The Wake

(El rastro) 

2002

“My name is Nora García,” says the narrator as she starts this novel, and while entering the house where the wake of her ex, Juan, is being held. In the coffin lays a body that she knew all too well, and surrounding him are the scores, the albums, and the piano that he, a musician, used to play. Nora recognizes some of the people that are at the wake, people she hadn’t seen in years, and while wandering around she starts to remember old conversations, dinner parties, and concerts that she went to with her now death partner. All of this is narrated as an interior monologue, a form that makes it possible for the narrator to intertwine her memories with heartfelt thoughts on Bach, Gould, Prokofiev, Richter, Pergolesi and Satie, as well as reflections on the peculiarities of the castrati, her views on cello modulations, chamber music, and, even, heart disease. With a complex and sensitive prose, Margo Glantz manages in this book to convey, in a unique way, the pain of losing a beloved man by writing a beautiful novel about grief, music and love.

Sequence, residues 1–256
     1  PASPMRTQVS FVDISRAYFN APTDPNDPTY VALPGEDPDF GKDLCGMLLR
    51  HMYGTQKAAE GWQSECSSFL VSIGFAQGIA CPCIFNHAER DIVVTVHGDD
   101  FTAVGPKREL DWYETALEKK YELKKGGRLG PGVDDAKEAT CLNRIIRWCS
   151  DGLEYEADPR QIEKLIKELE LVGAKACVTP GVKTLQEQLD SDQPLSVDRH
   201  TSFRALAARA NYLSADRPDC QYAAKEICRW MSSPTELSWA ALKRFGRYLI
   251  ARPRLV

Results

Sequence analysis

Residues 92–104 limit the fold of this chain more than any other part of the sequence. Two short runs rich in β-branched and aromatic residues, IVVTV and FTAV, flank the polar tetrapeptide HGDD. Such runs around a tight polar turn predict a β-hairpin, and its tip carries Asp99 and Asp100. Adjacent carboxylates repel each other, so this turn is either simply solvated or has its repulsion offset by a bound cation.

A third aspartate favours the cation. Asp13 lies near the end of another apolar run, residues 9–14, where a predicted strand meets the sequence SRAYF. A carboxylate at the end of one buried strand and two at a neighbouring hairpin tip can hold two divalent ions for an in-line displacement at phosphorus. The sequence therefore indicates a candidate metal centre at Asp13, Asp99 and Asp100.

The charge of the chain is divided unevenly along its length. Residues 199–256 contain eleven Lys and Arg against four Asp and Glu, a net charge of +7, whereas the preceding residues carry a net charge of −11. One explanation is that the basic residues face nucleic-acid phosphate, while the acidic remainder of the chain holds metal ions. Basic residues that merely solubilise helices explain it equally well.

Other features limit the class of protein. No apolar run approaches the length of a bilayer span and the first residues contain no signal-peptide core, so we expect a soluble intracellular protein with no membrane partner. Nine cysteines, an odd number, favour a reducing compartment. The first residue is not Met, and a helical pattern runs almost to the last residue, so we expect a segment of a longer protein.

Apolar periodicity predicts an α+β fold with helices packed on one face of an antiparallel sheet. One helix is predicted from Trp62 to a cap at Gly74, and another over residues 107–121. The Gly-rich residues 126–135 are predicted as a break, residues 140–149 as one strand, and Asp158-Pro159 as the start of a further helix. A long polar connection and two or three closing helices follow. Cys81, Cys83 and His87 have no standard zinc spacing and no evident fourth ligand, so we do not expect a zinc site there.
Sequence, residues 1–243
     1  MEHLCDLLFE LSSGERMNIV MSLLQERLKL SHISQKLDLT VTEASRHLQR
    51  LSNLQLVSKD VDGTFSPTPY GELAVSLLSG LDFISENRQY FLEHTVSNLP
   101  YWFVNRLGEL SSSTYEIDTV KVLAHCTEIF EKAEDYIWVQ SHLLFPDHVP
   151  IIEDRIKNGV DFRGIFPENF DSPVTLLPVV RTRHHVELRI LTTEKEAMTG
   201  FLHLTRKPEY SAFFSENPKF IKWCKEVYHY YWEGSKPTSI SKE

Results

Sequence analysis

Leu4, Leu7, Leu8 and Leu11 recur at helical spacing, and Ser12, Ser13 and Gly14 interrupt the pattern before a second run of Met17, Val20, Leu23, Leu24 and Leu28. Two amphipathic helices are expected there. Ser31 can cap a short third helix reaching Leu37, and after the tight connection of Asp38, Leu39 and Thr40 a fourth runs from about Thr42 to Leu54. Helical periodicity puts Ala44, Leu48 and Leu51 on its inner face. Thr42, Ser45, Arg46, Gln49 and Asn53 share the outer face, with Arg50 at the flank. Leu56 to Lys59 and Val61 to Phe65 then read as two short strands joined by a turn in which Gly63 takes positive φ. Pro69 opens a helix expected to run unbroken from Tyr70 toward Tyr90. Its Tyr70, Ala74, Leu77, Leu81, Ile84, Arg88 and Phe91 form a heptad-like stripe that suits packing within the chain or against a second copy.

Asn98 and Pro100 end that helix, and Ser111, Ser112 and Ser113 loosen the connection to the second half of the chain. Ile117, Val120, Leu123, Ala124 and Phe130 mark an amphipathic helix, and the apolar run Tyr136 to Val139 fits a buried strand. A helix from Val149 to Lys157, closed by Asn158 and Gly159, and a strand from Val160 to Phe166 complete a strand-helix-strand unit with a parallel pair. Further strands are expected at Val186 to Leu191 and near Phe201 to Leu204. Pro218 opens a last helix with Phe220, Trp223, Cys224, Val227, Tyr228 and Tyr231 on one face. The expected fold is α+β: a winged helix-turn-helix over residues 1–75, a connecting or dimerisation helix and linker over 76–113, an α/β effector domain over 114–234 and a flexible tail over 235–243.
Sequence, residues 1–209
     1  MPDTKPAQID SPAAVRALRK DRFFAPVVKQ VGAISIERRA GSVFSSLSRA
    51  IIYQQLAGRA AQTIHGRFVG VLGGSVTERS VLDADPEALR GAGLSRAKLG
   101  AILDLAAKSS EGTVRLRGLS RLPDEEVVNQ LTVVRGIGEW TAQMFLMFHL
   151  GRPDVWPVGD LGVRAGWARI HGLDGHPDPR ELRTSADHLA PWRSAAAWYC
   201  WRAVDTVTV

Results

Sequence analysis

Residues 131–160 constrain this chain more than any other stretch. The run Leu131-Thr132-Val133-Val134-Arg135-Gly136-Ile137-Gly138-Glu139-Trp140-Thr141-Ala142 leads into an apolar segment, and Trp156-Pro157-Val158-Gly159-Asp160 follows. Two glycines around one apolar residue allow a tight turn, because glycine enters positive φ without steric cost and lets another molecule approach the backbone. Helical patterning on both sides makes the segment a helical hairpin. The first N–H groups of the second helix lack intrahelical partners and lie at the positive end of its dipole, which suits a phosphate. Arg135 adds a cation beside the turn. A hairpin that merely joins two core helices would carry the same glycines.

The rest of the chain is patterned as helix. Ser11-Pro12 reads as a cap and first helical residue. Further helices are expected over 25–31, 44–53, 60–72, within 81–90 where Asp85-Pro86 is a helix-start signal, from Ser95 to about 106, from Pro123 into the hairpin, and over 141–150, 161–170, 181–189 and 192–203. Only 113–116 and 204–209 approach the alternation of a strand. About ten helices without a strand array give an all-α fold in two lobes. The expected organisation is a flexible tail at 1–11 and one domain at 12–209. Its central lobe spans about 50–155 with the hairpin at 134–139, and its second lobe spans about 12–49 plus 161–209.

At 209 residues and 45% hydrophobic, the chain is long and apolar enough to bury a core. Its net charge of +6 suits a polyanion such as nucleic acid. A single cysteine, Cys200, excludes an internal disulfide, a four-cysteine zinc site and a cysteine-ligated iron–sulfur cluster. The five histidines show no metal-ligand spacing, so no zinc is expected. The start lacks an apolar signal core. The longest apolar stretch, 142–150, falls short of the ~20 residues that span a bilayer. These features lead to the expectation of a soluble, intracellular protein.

Winner of the Sor Juana Inés de la Cruz Prize 2004

Finalist of the XX Herralde Novel Prize 2002

Critics

“One of the most important and, in terms of style, best-achieved novels of Mexican iterature in the last few years. A musical track”.

—José Manuel Prieto. Letras Libres

 

Margo Glantz’s book is an essay-novel where the author’s great erudition on music, poetry, painting and general knowledge are interwoven as an ars ombinatorial in the most imaginative, sensible and organic way possible. Fiction isn’t impeded by intellectual perfectionism. Glantz reaches harmoniously and melodically a tone of fiction essay and of an essay elegantly fictionalized.

—Blanca Estela Treviño

Rights sold

• English: Curbstone Books

• Spanish: (Colombia and Chile) Laguna Libros;

                (Argentina, Uruguay, México) Almadía.